A Final Smash (最後の切りふだ, Last Trump Card) is a type of special move in Super Smash Bros. Brawl and in Super Smash Bros. 4. Final Smashes tend to be incredibly powerful attacks, often leaving the user invincible for the move's duration (the periods vary from character to character, but always apply upon startup/execution), are generally unblockable, and, if properly executed, usually have the capacity to KO at least one opponent. Final Smashes performed correctly will give the player a great advantage, and may help to catch up to others or cement a commanding lead. Many Final Smashes also temporarily slow down stage elements, such as platform movements and motions in the background.
To perform a Final Smash, a player must first either destroy a Smash Ball or fall sufficiently far behind in a match that they are given a "Pity Final Smash" upon respawning. Once either of these happen, the screen will darken, the player's character will be engulfed in a multi-colored aura and their eyes will glow a bright yellow; in this state, the character's neutral special move is effectively replaced with a single use of their Final Smash.
In Brawl, the majority of Final Smashes are powerful enough they have the potential to KO incredibly early or even one-hit KO if used properly. In SSB4, Final Smashes are universally much weaker, many of them no longer being able to KO opponents at low percentages.
Most Final Smashes cause the camera to temporarily zoom in on the user when activated, though there are some situations where this does not occur, such as with Pac-Man's Final Smash, Super Pac-Man. In Super Smash Bros. for Wii U, through a currently unconfirmed nature, there are some cases where Final Smashes that normally zoom in don't zoom in at all.
Only one Smash Ball or Final Smash can be present on-screen at any given time.
Prior to Brawl
Masahiro Sakurai revealed in an interview with former Nintendo president Satoru Iwata that he intended to include Final Smashes in the original Super Smash Bros., even going as far as to record voice clips for each of the them. The idea, however, was held off until Brawl. Some of these voice clips, which were contained in the Super Smash Bros. debug menu, were eventually and correspondingly used in Brawl.
Pity Final Smash
A Pity Final Smash (Easy Final Smash in SSB4) randomly occurs when any player is KO'd and is 5 points behind the current leader. This player respawns with the ability to perform a Final Smash. This Final Smash cannot be dropped by the player. Pity Final Smashes can be disabled only by turning the Smash Ball off; simply setting overall item frequency to "None" does not prevent players from getting them if Smash Balls are still turned on. Additionally, Pity Final Smashes cannot occur while the Smash Ball is present on the battlefield, even when the Pity Final Smash requirements are met.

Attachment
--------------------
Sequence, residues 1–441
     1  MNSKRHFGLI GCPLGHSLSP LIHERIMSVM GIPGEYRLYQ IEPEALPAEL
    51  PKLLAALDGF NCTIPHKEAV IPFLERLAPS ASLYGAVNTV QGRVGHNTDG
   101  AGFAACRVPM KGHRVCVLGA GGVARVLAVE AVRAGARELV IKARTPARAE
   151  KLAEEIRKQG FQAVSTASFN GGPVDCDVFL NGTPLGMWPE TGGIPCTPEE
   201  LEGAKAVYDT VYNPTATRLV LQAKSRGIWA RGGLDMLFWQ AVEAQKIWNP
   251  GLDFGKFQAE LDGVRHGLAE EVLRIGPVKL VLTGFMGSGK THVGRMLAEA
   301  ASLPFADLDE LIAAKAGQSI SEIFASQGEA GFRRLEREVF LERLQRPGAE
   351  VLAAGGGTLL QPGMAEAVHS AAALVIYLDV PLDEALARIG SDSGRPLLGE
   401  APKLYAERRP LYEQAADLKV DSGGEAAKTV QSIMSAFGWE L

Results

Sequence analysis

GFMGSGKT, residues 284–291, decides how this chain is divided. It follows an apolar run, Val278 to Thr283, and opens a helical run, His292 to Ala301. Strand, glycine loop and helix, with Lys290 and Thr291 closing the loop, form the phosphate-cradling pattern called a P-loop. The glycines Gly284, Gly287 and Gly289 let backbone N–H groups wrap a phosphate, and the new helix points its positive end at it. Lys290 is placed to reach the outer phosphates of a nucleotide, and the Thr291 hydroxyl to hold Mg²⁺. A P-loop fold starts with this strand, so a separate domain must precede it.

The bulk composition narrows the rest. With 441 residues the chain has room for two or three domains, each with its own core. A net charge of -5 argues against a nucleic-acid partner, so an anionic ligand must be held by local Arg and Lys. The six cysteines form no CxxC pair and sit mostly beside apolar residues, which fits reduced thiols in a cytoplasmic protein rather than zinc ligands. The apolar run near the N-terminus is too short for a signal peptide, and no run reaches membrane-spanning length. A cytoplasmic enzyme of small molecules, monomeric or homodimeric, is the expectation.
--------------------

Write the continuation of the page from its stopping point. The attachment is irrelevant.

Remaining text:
In a 2-player timed match, since the points differ by two for each kill, it is possible to go from a lead of 4 points to 6 without crossing the Pity Final Smash line. If a player SD's, and consequently loses only one point in an advantage, then a Pity Final Smash is possible.
In competitive play
In tournaments, all items, including Smash Balls, are turned to "none" and "off," respectively, meaning that Final Smashes do not appear in tournaments. While there has been some dispute in the past whether Smash Balls solely of all items should be allowed, due to Final Smashes resembling the "super move" concept of more traditional fighting games, the general consensus is that they are detrimental to competitive play for several reasons:
Because items are turned to off and none, and tournament rules generally specify around 3 stock (or sometimes even less), Pity Final Smashes also do not appear in tournaments. One might argue that allowing Pity Final Smashes would allow a badly beaten player to stage a comeback, as they do not appear at random like Smash Balls do. However, this can only happen in a match of at least 6 stocks, which is considered to be far too high for tournaments (taking a very long amount of time to complete matches), and competitive players generally consider an element designed solely to aid a worse-performing player to be anti-competitive.